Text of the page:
Pica in children, while common, can be dangerous. Children eating painted plaster containing lead may suffer brain damage from lead poisoning.


  1. Mineral deficiency specially iron deficiency
  2. Traumatic events/ stress:
  • Maternal deprivation
  • Parental separation/ neglect
  • Child abuse
  • Disorganized family structure
  • Poor parent-child interaction
  1. Low socio-economic status

Clinical Features:

  1. Child with habit of eating substances like clay, dirt, stones, pebbles, hair, faeces, lead, plastic, pencil, erasers, fingernails, paper, paint chips, coal, chalk, wood, plaster, light bulbs, needles, string, cigarette, wire and burnt matches etc.
  2. A case with history of PICA may present with symptoms of:
    • Constipation
    • Chronic or acute, diffuse or focused abdominal pain
    • Nausea/ vomiting
    • Loss of appetite
  3. On examination findings like :
  • Abdominal distension
  • Pallor
  • Iron deficiency anaemia which could be the cause of PICA
  1. Clinical presentation of PICA is variable and is associated with the specific nature of the resulting medical conditions and the indigested substances.
  2. Parasitic infestations are usually associated with PICA. Ascariasis is commonly seen in children with Pica. 


  1. Amylophagia – consumption of starch
  2. Coprophagy – consumption of faeces
  3. Geophagy – consumption of soil, clay or chalk
  4. Hyalophagia – consumption of glass
  5. Pagophagia – pathological consumption of ice
  6. Trichophagia – consumption of hair or wool
  7. Urophagia – consumption of urine
  8. Xylophagia – consumption of wood.

Homoeopathic Management:

  1. Antimonium crudum:
    • Craving for raw food and vegetables
    • Loss of appetite
    • Bloating of abdomen after eating
    • Inability to bear heat of sun, verse from over exertion in the sun and from over-heating
    • Aversion to cold bathing and aggravation therefrom
    • Tendency to grow fat
    • Thick milky white-coated tongue
    • Thirstlessness
    • Craving and intolerance for acids, pickles and bread
    • Peevish, irritable, cannot bear to be touched or looked at
  1. Alumina:
    • Craving for starch, chalk, charcoal, cloves, coffee or tea grounds, raw rice, acids
    • Alumina is one of the chief antidotes for lead poisoning (complication of pica)
    • Thin delicate children
    • Dryness of mucus membranes and skin
    • Constipation, no desire for stools for number of days and soft stool requires great straining
    • Exhausted physically and mentally
    • Aversion to potatoes
    • Mild, cheerful disposition
  1. Calcarea carbonica:
    • Craving for chalk, charcoal, coal and pencils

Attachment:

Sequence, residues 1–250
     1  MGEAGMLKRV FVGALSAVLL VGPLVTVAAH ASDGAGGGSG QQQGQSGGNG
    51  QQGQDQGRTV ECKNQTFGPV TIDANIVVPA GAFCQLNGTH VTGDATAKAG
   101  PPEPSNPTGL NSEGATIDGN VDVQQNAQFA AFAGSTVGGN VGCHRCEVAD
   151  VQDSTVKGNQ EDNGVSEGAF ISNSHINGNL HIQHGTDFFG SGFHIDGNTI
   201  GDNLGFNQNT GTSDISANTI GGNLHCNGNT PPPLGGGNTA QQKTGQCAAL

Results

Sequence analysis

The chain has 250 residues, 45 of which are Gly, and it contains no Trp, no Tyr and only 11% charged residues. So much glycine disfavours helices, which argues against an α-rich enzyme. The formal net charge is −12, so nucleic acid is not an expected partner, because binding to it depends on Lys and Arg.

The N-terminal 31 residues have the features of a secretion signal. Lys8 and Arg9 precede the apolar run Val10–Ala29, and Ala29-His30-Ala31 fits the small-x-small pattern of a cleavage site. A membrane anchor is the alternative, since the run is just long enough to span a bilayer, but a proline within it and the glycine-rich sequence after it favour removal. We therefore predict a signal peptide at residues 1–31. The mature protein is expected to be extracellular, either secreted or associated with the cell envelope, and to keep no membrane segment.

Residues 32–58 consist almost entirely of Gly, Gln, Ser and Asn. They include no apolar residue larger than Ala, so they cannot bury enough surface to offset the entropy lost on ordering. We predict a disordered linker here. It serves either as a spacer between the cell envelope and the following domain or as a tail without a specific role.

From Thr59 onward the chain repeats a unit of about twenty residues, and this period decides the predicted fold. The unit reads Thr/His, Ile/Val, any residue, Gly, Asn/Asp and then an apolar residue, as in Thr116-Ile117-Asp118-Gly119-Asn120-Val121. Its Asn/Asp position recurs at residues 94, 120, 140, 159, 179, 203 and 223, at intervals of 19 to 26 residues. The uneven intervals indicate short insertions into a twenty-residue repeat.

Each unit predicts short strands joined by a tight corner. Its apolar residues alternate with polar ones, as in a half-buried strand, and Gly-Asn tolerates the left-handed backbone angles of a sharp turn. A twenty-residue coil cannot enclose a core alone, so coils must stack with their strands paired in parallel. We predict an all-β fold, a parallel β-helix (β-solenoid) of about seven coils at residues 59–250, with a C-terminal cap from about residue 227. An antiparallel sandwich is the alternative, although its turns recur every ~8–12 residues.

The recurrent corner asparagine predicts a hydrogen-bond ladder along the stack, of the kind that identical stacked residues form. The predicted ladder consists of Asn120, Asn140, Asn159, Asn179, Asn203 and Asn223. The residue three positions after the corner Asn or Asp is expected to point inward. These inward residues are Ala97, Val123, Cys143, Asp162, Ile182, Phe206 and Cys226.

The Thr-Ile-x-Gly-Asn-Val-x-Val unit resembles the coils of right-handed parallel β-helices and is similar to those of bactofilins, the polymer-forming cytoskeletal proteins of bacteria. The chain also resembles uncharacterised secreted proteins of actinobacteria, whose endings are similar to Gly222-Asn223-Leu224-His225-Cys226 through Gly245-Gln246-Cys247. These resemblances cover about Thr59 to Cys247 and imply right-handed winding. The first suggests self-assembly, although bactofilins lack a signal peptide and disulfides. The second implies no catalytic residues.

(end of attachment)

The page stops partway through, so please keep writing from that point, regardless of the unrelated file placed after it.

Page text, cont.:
• Chilly patient, takes cold easily
    • Fat, fair, flabby
    • Pale, weak, easily tired
    • Head sweats profusely while sleeping
    • Tendency for lymphatic glandular enlargement
    • Desire for eggs, aversion to meat and milk
    • Sour smelling discharges
    • Fearful, shy, timid, slow and sluggish
    • Longing for fresh air
  1. Culcaria phosphorica:
    • Desires lime, slate, pencils, earth, chalk, clay etc
    • Colicky pain in abdomen while eating
    • Distended abdomen
    • Feeble digestion
    • Chilly patient, thin, emaciated, unable to stand, rickety
    • Easy perspiration
    • Slow in learning to walk
    • Aggravation from damp, cold weather, change of weather, mental exertion
    • Desires raw salt and smoked things
    • Restless, dissatisfied, desire to wander
  1. Cicuta virosa:
    • Abnormal appetite for chalk, charcoal, coal, cabbage, which are relished
    • Grinding of teeth
    • Chilly patient
    • Convulsive with tendency to bend backward
    • History of suppressed skin eruptions
    • Stupid, singing, dancing, crazy, makes strange gestures
  1. Natrum muriaticuam:
    • Craving for salt
    • Takes long time for food to digest
    • Worse from eating
    • Hot patient
    • Poorly nourished
    • Great emaciation (marked on neck), losing flesh while eating well
    • Oily, greasy face
    • Aversion to bread and fatty things
  1. Nitricum acidum:
    • Craving for lime, slate, pencil, papers and charcoal
    • Cracks in muco-cutaneous junction especially fissures in rectum and corners of mouth
    • Chilly patient, takes cold easily
    • Thin built, sickly
    • Desires fat and salt
    • Disposed to diarrhoea
    • Strong smelling urine
    • Head-strong, irritable, fearful, vindictive, sensitive to noise and light
  1. Nux vomica:
    • Craving for charcoal, pepper, chalk
    • Chilly patient, thin
    • Craves fats, spicy food
    • Tongue coated yellowish in the posterior part
    • Over sensitive to noise, odors, light or music
    • Nervous disposition
    • Quick, active, zealous and irritable
    • Impatient, spiteful with violent action
  1. Silicea:
    • Craving for lime, sand, raw foods
    • Extremely chilly patient, all symptoms worse by cold except stomach complaints which are better by cold
    • Profuse, offensive discharges
    • Sweats profusely especially on feet
    • Easy suppuration, glandular affinity
    • Large head and distended abdomen
    • Weak ankles, slow in learning to walk
    • Obstinate, head strong, cries when spoken kindly to
    • Nervous, apprehensive, over sensitive, irritable, fearful